DJ Freedem’s online community for black plant lovers sows seeds for new ways to fight racism
The first time DJ Freedem went viral for his plant content was for his Instagram videos Trap Gardening, where the New York-based DJ provided plant and relationship advice in his sassy style. Heartleaf Philodendrons are heart-shaped because you’re supposed to kill them with kindness, one of his classic comments said.
“Like most content creators, sometimes we create things once as a joke, which creates a demand for more,” Freedem says now.
This is also what happened with her second plant-related viral moment. Back in June, Freedem remixed a common sentiment on Black Twitter – “Cash App a Black woman $ 50”, a joking and unpleasant version of the demand for reparations – tweeting: “If you’re white, give a person a plant. black. instant. ”He reposted the tweet on Instagram – and to his surprise, people started doing it.
“In my head, I thought at the very least it would spark a conversation in my comments, but it has evolved into a movement and a platform,” he says.
Freedem had, quite by accident, founded the Underground Plant Trade. At the beginning, the exchanges were done via an Instagram account, @ underground.planttrade, which operates under the slogan “a network of repairs disguised as a plant community”. But last October, he launched a website with a nostalgic Internet aesthetic – think neon green text and animated backgrounds a la Angelfire or Geocities sites from the late 1990s – and a forum with tables for different parts of the United States, and possibly as far away as Europe, Australia, the Middle East, and Canada.
“I think because plants are everywhere, people realized that they didn’t need a lot of brain or effort to make someone’s day, week, month or year. one, ”says Freedem. “I also think that because this started at a time when we were told to isolate ourselves, people would naturally be drawn to new, innovative ways to connect with other people, especially with other people sharing similar interests. “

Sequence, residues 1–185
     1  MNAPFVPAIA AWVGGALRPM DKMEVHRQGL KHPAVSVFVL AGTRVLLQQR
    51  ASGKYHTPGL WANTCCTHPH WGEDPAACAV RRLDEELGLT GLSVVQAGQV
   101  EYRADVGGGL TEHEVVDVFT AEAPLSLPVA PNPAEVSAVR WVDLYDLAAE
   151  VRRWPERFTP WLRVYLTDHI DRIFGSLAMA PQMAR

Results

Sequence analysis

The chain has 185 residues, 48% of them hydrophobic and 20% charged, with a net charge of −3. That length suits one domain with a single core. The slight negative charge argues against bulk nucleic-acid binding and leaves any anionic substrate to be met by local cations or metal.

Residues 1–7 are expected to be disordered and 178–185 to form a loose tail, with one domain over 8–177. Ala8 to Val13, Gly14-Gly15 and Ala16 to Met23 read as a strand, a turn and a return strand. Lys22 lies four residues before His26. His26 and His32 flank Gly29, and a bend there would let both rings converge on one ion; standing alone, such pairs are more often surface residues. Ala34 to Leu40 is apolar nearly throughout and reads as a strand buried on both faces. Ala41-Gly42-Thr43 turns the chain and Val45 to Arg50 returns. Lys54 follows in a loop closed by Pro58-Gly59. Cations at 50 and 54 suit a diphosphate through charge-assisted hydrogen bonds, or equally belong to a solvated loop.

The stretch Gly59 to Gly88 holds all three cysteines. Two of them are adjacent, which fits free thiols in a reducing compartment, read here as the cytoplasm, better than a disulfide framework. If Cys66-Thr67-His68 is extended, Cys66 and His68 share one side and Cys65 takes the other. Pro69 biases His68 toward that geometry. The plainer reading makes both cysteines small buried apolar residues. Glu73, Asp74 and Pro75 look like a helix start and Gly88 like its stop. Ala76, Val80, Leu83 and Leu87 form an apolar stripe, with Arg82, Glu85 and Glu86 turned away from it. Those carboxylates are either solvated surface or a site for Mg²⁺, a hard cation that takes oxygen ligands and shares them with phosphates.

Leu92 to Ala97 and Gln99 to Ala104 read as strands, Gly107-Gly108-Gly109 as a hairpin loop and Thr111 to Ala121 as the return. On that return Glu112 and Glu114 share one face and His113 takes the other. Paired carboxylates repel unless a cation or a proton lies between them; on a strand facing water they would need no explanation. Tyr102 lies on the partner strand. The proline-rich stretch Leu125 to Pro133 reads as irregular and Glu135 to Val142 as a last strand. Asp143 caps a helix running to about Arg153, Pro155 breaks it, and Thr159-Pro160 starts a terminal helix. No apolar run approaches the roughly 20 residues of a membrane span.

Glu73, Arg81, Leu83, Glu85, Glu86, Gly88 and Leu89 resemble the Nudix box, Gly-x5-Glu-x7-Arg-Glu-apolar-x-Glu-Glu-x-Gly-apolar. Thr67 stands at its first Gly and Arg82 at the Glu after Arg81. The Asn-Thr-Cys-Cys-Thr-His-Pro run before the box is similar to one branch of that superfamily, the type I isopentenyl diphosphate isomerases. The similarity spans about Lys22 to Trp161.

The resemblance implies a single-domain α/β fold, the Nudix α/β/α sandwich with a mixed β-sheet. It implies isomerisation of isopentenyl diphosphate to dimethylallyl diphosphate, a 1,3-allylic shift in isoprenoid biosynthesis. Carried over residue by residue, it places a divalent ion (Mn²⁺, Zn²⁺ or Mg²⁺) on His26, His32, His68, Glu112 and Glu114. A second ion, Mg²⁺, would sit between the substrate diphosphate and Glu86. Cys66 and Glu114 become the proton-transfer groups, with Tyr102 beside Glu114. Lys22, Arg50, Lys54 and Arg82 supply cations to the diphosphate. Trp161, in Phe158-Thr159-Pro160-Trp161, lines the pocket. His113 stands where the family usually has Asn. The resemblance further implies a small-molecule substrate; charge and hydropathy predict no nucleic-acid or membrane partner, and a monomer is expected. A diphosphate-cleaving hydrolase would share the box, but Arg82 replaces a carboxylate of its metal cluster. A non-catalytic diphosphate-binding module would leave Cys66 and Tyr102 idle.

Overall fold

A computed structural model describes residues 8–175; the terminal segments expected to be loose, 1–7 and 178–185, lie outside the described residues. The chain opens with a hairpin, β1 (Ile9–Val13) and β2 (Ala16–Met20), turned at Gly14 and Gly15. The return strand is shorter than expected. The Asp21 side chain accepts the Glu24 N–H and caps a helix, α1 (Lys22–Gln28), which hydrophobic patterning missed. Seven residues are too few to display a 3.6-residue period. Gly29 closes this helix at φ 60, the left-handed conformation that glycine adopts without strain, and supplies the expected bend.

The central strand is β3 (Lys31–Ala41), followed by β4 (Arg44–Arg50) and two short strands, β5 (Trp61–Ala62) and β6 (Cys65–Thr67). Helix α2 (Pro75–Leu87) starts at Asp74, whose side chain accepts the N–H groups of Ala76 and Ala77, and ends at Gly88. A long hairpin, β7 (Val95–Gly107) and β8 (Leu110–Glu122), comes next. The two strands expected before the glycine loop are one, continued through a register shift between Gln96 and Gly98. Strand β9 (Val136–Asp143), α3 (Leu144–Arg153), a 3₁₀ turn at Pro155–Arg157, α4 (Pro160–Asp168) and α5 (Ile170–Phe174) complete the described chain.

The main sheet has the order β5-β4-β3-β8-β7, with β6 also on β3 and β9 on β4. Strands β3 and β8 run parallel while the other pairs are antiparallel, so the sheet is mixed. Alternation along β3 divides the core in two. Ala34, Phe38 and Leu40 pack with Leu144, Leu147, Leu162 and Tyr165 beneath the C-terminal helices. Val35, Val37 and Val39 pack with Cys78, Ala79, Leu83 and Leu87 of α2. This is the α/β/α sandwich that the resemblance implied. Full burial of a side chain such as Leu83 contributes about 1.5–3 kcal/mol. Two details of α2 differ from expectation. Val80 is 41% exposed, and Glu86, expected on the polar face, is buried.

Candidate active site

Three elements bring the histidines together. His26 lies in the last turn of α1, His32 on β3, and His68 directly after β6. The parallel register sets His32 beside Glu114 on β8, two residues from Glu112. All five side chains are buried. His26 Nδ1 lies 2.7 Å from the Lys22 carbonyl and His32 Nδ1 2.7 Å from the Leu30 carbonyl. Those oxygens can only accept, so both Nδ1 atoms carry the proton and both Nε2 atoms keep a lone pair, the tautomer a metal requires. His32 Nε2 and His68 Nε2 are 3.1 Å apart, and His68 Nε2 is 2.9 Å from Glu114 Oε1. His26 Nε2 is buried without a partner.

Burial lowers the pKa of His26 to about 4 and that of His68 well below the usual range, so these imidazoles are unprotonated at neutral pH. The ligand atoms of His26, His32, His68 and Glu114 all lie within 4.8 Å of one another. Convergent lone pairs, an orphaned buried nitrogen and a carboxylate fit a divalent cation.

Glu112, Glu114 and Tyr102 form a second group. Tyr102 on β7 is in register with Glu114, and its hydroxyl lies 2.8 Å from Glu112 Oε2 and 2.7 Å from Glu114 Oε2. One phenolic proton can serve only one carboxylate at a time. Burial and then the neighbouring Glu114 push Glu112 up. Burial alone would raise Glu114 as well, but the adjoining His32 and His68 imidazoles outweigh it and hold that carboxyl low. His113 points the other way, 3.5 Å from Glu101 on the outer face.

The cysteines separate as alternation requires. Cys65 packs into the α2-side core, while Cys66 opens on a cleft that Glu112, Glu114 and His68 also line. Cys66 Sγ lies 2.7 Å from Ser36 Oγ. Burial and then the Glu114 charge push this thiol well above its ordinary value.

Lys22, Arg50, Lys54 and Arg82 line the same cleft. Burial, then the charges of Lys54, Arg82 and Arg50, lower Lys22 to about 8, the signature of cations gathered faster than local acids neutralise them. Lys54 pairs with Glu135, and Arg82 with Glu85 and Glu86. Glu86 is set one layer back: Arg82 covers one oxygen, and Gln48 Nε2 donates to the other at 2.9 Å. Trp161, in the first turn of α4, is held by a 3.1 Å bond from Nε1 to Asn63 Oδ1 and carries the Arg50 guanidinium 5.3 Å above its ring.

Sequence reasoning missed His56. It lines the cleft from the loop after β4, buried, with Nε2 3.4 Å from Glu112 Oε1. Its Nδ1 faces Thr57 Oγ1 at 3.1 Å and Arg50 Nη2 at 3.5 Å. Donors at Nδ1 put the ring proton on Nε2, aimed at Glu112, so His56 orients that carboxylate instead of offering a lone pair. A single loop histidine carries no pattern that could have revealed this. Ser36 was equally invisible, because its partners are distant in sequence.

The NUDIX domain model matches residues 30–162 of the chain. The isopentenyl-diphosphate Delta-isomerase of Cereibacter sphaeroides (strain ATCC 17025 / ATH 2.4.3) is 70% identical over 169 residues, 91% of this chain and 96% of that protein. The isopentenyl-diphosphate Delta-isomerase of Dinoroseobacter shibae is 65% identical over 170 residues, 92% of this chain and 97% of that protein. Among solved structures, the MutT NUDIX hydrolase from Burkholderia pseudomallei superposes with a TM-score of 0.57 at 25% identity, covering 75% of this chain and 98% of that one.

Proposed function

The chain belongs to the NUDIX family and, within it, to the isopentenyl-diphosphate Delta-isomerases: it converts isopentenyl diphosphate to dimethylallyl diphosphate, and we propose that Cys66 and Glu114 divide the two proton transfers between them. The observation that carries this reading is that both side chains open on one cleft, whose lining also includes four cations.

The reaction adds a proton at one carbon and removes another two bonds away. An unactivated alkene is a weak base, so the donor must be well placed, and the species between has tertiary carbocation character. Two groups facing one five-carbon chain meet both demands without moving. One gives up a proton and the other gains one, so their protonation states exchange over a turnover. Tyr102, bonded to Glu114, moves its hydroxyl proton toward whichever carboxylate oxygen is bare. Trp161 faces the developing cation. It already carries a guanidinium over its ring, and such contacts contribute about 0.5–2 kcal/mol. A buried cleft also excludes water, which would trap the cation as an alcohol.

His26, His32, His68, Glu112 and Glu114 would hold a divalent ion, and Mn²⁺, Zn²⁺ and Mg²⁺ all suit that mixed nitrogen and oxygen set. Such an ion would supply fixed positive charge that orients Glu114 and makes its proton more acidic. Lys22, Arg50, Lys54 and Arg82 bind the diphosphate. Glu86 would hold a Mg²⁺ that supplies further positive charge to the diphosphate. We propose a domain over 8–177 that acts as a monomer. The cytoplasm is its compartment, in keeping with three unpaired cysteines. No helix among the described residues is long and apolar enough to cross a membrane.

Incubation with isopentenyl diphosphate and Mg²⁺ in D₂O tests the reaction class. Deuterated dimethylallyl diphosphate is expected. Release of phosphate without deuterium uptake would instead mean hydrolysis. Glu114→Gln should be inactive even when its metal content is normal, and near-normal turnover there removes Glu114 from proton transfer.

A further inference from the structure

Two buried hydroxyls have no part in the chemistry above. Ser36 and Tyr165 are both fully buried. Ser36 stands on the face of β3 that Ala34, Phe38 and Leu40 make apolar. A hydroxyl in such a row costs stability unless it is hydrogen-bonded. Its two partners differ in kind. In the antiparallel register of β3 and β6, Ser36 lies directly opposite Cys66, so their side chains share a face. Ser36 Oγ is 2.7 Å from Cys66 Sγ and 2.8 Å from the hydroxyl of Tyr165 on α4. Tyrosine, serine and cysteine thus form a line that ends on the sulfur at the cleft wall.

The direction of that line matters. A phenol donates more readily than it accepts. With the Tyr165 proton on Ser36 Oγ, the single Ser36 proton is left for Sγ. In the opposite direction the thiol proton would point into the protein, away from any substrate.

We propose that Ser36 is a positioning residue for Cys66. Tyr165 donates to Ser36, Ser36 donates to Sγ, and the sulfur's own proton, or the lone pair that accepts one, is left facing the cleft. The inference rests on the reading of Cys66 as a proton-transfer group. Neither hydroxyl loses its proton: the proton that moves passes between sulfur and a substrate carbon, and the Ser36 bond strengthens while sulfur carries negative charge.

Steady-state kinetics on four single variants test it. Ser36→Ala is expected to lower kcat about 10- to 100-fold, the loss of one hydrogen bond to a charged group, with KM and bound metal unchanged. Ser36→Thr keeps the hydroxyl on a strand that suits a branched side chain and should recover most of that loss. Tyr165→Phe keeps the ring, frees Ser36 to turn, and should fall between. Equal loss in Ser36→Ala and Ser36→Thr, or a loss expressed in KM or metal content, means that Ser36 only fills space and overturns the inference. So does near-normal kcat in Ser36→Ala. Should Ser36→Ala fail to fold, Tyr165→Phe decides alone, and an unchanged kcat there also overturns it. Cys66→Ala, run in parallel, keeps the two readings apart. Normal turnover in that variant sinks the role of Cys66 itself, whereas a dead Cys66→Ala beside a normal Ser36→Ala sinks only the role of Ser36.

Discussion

But it’s not just a matter of connection. The Underground Plant Trade (UPT) is based on an idea that has been present in social justice movements for decades, if not centuries: financial compensation for blacks in redress for centuries of racial injustice. It is not a new concept. Beginning with Field Order 15, the policy behind the saying “40 acres and a mule,” which allocated land confiscated from slave owners to newly freed slaves, the United States toyed with the idea of making amends. black citizens through cash payments, grants, free tuition, and / or investments in social programs that would most benefit their communities – most recently with Bill HR 40, legislation that would create a commission to study the “lingering negative effects of slavery on living African Americans and society” and to develop reparations. On April 14, more than 30 years after its introduction by Representative John Conyers, Jr., the House Judiciary Committee voted to transfer the bill to the House for further consideration – the first time that ‘he was acting. on legislation.
UPT reframes the idea of reparations from punishment to an act of community building – and helps people understand that racial injustice continues to impact black people around the world, not just states -United. This particularly resonated with Queen Cee, a resident of Hamilton. who twice received plants from the project, including a monstera, a pothos and several baby spiders.
“People don’t really think of Canada [when they think about racism], “she said.” They don’t think about the demographics here, which is so multicultural. The black population is very large and we come from many countries. “
Béatrice Paradis-Lebel, a member of the Quebec UPT, who bought Cee an aglaonema at a factory outlet in Hamilton, says the project has helped her understand why the fight against racism must be about more than just educating herself. and educate others.
“I don’t think I understood the real beneficial impact of repairs until I saw how the underground plant trade worked,” she admits. “DJ Freedem has touched on something so universal, or at least widespread, that he makes it extremely accessible to anyone who loves plants. It made so much sense for me to have a very concrete way to offer reparations.
Other plant benefactors agree. “I wanted to participate because I have more. I’ve learned how to propagate some of my plants and I have a lot to share, ”says Julia Seymour, who recently joined the forum to share plants in Vancouver.
She and Paradis-Lebel recognize that plant donation is only a small part of the anti-racist work they are trying to do – but that doesn’t negate its impact, which Freedem says is bigger than just plants. .
“Repairs should come from the government,” he said. “However, this platform and movement shows that it is not impossible – it just takes initiation and a system.”
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